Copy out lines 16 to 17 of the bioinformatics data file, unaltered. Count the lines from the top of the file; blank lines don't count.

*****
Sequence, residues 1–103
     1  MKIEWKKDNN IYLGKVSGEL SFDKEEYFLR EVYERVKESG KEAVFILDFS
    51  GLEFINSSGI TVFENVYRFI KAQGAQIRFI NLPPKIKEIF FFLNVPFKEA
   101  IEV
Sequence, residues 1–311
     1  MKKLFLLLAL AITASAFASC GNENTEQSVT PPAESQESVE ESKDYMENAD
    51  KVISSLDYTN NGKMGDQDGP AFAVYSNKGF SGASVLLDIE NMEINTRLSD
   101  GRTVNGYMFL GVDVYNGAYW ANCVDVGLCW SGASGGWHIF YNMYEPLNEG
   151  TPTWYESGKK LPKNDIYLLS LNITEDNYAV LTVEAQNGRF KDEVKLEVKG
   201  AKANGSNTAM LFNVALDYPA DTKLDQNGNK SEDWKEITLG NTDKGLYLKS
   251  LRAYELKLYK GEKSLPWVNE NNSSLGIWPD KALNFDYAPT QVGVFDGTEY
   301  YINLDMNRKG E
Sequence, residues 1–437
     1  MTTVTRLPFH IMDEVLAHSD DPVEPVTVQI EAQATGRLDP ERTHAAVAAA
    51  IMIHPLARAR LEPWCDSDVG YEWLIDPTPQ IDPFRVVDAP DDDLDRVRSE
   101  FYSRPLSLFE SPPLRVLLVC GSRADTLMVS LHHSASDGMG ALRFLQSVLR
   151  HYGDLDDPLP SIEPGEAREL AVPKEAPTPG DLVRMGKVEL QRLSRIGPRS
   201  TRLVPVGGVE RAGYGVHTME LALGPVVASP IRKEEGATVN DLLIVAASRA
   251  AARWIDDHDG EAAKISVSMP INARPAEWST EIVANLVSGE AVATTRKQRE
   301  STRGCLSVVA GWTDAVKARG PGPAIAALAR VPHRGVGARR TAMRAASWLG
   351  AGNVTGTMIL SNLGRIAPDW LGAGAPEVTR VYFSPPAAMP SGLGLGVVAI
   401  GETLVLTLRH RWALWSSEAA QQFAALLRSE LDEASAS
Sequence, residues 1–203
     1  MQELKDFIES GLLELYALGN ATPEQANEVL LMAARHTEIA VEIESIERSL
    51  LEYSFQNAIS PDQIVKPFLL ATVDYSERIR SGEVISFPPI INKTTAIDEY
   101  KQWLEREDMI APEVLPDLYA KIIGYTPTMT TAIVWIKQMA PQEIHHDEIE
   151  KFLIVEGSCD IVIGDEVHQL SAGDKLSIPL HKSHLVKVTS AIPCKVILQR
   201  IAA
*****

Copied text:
   101  FYSRPLSLFE SPPLRVLLVC GSRADTLMVS LHHSASDGMG ALRFLQSVLR
   151  HYGDLDDPLP SIEPGEAREL AVPKEAPTPG DLVRMGKVEL QRLSRIGPRS